Fast forward about a year. Mr. PoP and I have eloped and Mr. PoP is again talking with the owners of this small business. They have weathered a year with a sales drop off, but too horrible, and are still interested in selling to Mr. PoP.  But there’s a catch – they are still pretty nervous. Mr. PoP understands that they seem to need some sort of assurance as to his dedication as well as an understanding that he is fully capable of running the business. With those assurances, they would have greater confidence in an owner financed deal. So Mr. PoP makes a proposal…

“I’ll Work For Minimum Wage To Learn The Business”

The owners of this business knew that Mr. PoP was able to earn more than minimum wage working elsewhere. Otherwise he wouldn’t have been able to be a customer of theirs for so many years! So this offer definitely proved that he was serious in wanting to learn the business and still very interested in purchasing it. They were intrigued enough by his offer that they took him up on it. “Work for minimum wage for 6 months, and we’ll evaluate the state of the business and confidence levels and see if we can come to a deal at the end of that period.”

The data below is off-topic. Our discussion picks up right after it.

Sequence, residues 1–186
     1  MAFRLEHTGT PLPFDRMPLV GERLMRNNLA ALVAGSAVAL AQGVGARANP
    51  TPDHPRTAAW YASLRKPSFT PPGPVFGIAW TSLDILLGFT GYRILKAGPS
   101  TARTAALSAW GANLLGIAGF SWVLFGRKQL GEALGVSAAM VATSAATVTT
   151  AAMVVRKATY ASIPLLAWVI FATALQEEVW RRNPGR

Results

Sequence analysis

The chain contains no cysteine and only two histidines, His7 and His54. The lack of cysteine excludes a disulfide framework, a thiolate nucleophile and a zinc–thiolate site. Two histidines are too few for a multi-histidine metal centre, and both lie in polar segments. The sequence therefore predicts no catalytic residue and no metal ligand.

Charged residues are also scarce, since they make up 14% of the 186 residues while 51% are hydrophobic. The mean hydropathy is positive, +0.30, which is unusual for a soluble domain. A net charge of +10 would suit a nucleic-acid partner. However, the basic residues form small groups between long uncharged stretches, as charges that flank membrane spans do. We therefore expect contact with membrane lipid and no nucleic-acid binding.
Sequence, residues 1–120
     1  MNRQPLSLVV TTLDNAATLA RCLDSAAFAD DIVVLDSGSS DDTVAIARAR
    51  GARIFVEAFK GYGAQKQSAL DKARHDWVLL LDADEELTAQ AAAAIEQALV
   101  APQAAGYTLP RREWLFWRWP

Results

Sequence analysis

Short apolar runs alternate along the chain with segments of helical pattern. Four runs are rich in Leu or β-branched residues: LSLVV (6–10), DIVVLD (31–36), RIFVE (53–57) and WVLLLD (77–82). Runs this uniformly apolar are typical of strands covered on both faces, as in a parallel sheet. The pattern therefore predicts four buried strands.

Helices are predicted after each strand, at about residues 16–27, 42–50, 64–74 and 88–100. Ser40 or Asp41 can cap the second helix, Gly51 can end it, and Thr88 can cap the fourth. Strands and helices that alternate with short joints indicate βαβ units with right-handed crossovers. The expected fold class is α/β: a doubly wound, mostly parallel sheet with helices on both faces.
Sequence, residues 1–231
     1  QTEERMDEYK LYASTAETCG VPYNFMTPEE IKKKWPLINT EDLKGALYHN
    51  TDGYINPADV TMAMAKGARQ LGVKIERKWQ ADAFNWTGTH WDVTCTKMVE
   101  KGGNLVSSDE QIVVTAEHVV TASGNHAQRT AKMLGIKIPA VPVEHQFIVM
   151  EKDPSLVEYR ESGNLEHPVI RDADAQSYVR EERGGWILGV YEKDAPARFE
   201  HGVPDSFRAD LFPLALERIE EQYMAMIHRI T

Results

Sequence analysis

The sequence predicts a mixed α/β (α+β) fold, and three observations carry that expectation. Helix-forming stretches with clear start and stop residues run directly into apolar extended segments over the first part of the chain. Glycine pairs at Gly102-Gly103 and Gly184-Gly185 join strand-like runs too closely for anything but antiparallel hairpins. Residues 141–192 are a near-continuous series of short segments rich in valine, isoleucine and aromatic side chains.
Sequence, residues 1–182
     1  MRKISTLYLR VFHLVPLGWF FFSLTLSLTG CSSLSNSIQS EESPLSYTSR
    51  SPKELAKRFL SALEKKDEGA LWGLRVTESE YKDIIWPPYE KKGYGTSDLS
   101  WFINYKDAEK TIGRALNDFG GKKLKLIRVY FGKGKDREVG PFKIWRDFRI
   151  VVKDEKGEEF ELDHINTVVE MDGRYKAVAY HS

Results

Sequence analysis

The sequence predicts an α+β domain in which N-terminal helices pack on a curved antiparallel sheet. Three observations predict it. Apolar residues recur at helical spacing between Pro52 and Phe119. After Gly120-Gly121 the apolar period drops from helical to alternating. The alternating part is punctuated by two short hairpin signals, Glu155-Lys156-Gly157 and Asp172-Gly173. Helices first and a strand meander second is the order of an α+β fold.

So Mr. PoP took a pay cut. But he loved going to work every day. When I say he skipped off to work, that is barely an exaggeration. While we were in the midst of doing manual labor on our house every night because we bought it through a foreclosure, we would talk about how much he was learning about the business and about his plans for after *we* bought it.

This minimum wage arrangement worked really well for about 4 or 5 months until it became clear to Mr. PoP (who was there on a daily basis) that even though the couple that owned this business swore left and right that they wanted to sell the business, one half of the couple really wasn’t interesting in leaving this part of their life behind. Mr. PoP had a hard time hiding his disappointment when he told this news, and I was disappointed, too.

Buying that business would have changed our finances dramatically with massive amounts of debt in the short term, but the opportunity for growth and equity in a successful small business like that is something that Mr. PoP and I still aim for someday.